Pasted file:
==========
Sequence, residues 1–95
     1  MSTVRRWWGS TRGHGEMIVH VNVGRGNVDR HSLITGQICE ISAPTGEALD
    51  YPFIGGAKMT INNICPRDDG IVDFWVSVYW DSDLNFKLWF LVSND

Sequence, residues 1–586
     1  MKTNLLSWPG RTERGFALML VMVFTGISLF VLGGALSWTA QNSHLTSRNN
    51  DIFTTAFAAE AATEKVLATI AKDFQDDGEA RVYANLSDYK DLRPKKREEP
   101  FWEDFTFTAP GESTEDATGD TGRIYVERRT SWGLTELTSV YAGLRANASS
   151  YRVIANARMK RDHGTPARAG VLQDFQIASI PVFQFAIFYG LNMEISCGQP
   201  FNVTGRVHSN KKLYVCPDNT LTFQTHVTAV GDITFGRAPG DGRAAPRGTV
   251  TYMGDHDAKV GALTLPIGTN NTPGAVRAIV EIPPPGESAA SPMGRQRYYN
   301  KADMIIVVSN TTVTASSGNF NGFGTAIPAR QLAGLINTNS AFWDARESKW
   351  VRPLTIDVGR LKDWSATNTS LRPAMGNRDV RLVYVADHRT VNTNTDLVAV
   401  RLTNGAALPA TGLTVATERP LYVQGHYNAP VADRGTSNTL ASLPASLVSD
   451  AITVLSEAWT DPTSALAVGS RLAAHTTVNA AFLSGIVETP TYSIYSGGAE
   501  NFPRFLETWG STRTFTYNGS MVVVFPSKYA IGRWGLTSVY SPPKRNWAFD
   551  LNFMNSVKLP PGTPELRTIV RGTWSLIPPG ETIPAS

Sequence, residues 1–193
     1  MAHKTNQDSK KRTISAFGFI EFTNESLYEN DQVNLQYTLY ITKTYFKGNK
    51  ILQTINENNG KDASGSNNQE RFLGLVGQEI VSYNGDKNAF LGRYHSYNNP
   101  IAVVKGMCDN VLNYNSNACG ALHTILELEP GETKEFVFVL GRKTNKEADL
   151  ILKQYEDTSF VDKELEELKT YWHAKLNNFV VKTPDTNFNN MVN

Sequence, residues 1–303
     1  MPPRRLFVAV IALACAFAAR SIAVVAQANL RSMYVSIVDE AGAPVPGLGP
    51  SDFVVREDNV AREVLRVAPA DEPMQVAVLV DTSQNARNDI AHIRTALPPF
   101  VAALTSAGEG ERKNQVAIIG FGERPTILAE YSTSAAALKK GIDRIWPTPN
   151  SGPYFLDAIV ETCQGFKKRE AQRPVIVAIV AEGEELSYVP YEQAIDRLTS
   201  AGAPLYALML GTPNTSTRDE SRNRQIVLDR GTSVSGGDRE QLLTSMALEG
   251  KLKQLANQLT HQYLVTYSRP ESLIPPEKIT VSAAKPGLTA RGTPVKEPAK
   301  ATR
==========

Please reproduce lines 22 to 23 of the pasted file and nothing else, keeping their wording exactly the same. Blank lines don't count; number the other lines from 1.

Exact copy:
Sequence, residues 1–303
     1  MPPRRLFVAV IALACAFAAR SIAVVAQANL RSMYVSIVDE AGAPVPGLGP